The Law Commission emphasize the “outdated” law of wills and have written a report to stress that the law needs to be updated to reflect the modern world of today. So what does the future hold for Wills?
The Commission calls for the “Victorian Laws” to be overhauled as they are failing to protect the most vulnerable in society. It is estimated that only 60% of all adults that die each year leave a will. Fingers are being pointed at the laws and strict formality rules that were provided by the 1837 Wills Act, as to why so many are put off.
“Making a will and passing on your possessions after you’ve died should be straight-forward. But the law is unclear, outdated and could even be putting people off altogether.
“Even when it’s obvious what someone wanted, if they haven’t followed the strict rules, courts can’t act on it. And conditions which affect decision-making – like dementia – aren’t properly accounted for in the law.
“That’s not right and we want an overhaul to bring the law into the modern world. Our provisional proposals will not only clarify things legally, but will also help to give greater effect to people’s last wishes.”
Professor Nick Hopkins, Law Commissioner
The consultation paper launched
• Giving the court power to recognise a will in cases where the formality rules haven’t been followed but the will-maker has made clear their intentions.
• An overhaul of the rules protecting those making a will from being unduly influenced by another person.
• Applying the test of capacity in the Mental Capacity Act 2005 to the question of whether a person has the capacity to make a will.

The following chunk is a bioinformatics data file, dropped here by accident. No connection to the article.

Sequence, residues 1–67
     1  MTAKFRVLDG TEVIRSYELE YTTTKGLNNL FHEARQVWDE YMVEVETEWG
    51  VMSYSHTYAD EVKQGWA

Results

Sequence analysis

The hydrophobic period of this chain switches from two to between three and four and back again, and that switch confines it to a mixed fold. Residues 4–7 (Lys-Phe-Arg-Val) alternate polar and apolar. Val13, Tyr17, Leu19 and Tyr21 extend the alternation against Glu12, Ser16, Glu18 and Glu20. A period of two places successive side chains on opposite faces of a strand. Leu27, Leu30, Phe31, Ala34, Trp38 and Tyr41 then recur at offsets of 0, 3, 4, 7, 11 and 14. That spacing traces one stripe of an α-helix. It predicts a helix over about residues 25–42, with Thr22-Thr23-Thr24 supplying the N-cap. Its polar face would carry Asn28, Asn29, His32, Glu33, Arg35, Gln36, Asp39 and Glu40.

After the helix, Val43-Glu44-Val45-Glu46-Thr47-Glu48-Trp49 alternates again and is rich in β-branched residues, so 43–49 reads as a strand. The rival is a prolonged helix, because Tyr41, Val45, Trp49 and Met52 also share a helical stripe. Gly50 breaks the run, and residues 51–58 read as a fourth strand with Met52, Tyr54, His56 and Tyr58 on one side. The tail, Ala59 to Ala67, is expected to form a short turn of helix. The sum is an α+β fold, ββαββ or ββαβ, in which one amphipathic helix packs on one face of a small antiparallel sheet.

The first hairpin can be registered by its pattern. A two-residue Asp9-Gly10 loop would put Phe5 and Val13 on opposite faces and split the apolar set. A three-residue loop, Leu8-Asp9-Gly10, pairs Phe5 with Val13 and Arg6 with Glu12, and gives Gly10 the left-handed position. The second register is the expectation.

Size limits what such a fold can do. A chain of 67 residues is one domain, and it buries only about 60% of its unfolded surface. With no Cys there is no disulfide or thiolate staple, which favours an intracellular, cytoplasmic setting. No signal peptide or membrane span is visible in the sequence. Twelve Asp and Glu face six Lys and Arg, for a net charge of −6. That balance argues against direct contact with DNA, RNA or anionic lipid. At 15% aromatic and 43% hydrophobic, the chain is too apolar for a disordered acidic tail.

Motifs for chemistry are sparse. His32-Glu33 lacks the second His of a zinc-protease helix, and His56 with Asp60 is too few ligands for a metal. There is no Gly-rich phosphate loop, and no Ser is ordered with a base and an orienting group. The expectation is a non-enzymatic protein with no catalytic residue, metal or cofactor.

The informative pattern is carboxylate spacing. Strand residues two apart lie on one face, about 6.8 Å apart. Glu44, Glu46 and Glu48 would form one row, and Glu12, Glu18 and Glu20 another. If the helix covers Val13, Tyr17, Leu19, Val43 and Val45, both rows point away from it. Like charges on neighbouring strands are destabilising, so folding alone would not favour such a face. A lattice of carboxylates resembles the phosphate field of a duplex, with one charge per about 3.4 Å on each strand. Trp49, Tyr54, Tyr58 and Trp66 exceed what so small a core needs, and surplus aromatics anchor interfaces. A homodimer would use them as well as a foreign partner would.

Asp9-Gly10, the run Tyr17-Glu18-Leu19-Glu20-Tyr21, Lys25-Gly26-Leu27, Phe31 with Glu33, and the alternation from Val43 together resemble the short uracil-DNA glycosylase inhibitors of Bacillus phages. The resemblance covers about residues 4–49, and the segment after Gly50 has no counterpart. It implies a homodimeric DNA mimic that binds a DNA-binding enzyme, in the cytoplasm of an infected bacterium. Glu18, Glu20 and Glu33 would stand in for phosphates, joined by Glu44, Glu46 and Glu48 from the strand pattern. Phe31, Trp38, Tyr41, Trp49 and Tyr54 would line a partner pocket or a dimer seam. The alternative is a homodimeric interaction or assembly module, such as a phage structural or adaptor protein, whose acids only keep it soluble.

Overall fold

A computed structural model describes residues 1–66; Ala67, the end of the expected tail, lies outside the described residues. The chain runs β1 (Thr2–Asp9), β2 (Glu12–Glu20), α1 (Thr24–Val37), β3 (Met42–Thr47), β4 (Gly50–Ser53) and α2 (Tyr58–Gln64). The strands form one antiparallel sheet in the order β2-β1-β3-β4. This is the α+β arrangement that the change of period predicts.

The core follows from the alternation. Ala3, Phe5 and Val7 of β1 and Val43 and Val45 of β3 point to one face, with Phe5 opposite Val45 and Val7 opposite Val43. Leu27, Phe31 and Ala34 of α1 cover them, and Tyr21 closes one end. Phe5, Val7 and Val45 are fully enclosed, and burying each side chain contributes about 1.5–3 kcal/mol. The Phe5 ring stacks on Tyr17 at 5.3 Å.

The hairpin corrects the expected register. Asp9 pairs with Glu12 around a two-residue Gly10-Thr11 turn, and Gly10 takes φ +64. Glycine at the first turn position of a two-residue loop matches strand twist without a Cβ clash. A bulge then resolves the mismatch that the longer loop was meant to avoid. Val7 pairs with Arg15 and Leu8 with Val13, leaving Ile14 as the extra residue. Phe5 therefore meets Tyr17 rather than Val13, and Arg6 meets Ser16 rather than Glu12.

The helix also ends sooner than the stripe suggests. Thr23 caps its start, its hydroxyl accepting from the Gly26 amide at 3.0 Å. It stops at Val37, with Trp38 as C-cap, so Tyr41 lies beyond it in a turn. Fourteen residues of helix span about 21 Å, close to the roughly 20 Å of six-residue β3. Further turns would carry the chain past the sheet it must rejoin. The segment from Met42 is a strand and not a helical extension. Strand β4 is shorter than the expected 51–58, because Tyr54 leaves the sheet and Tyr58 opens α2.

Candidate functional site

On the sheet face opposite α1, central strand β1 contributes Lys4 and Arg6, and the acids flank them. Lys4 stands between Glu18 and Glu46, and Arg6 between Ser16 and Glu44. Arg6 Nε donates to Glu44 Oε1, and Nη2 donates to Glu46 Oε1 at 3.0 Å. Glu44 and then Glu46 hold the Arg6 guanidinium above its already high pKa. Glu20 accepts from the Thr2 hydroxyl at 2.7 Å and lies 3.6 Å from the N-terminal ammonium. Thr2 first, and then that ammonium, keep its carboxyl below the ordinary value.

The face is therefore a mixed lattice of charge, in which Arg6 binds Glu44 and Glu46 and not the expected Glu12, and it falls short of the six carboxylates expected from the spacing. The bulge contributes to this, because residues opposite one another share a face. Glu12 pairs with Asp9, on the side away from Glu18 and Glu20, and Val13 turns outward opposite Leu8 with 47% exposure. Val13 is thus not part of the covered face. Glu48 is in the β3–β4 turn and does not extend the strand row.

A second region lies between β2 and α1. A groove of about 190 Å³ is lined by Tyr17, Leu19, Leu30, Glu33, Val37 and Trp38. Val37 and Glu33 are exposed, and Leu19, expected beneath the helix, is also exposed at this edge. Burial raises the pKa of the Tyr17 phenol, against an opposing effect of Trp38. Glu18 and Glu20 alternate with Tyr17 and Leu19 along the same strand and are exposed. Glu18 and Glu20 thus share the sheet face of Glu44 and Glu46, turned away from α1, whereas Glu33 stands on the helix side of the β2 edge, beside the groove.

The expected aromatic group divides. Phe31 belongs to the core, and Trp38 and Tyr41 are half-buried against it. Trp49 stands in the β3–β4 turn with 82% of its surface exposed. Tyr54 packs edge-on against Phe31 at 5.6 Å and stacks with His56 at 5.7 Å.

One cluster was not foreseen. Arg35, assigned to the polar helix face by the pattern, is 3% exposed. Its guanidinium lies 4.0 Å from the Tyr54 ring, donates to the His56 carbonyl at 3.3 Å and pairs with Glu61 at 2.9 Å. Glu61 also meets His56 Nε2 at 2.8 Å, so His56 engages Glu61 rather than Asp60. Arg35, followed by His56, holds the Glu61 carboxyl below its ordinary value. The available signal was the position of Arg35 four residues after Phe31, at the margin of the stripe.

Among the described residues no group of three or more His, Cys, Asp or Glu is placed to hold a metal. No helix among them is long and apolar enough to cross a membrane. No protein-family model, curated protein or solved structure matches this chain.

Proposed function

• Providing statutory guidance for doctors and other professionals conducting an assessment of whether a person has the required mental capacity to make a will.
• Giving the Lord Chancellor power to make provision for electronic wills.
• Lowering the age at which people are able to make a will from 18 to 16 years old.
People should always be made aware that making a will is of the utmost importance, not for those writing it, but for their loved ones. People use wills to choose how to distribute all of their possessions and often to express preferences about what happens to their bodies after death. Certain procedures must be followed in order for a will to be valid. But if the formal rules aren’t followed, even when it’s clear what someone’s intentions were, people’s dying wishes aren’t acted on.
Many people might also not be aware of some of the law of wills. An example of a situation that many may not be aware of is when someone gets married. The marriage process revokes any previous wills. So if someone had made specific provisions in their previous will, these would be ignored and the new spouse would receive the bulk of the estate.
If you want to know more about the process of wills and would like to have your will written professionally contact WTB Solicitors. Our key focus is to make sure that there is no disparity between what you intend and what actually happens with your estate after you have passed away. No one likes thinking about death, nor do they like talking about it, which is understandable. The team here at WTB are dedicated to easing your mind and making sure your intentions and wishes are heard.
Changing tests for changing times